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Morph between geometry shapes

The Morph tool on the Deform shelf lets you edit geometry at the object level, and automatically creates the necessary Edit and Blend Shapes nodes at the geometry level.

To...Do this

Blend between shapes

  1. Model the "normal" shape of the surface(s). Then use the Edit operator and/or other surface operations (such as a lattice deformer ) to deform the surface.

    You do not need to model the normal and deformed versions as separate surfaces. Because of the procedural nature of Houdini, you can simply blend between the surface at two different points in its construction history.

    You can blend between any number of shapes (not just 2).

  2. At the geometry level, use the tab menu to create a Blend Shapes node.

  3. Connect the various shapes you want to blend between to the input of the Blend Shapes node.

  4. Use the Weight parameters to control the blending of the shapes. See below for how to make blending between two inputs easier.

Use the Morph tool to set up blend shapes at the object level

  1. Select the points you want to morph, then click the Morph tool on the Deform shelf tab.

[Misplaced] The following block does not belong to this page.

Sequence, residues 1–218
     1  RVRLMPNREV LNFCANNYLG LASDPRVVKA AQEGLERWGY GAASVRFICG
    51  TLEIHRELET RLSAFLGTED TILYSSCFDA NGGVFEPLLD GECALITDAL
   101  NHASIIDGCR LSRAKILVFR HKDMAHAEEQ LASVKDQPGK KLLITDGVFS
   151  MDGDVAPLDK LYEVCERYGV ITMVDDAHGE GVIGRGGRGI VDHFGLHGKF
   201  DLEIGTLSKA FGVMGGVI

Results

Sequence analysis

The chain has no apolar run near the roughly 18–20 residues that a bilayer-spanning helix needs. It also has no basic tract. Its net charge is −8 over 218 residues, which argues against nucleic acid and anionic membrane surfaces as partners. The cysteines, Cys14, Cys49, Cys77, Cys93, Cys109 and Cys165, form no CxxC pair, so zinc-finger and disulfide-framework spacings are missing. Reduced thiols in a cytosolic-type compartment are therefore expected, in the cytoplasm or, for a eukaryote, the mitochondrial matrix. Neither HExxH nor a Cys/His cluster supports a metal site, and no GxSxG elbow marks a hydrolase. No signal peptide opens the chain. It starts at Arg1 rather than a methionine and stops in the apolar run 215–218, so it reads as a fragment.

2. The Morph tool essentially works like the Edit operator from the geometry (SOP) level. Use the transform handles to edit the selected points in the viewport.

  3. The Morph tool automatically creates an Edit node and a Blend Shapes node at the geometry (SOP) level for the geometry you edit.

    Use the Weight parameters to control the blending of the shapes. See below for how to make blending between two inputs easier.

Make blending between two inputs easier

  • The Blend Shapes node has separate Weight sliders for each input, letting you mix them arbitrarily. In a two-shape scenario however, you probably only want one slider control that blends between the two inputs. To do that, you need to link the second slider to the first slider so it automatically goes down/up as the other goes up/down.

    Press on the first slider’s value and choose Copy Parameter. Then press on the second slider’s value and choose Paste Relative Reference. Houdini inserts a parameter reference expression to the first slider. Finally, to make the second slider invert the value of the first slider, insert 1- in front of the expression.

Use a bone angle to control deformation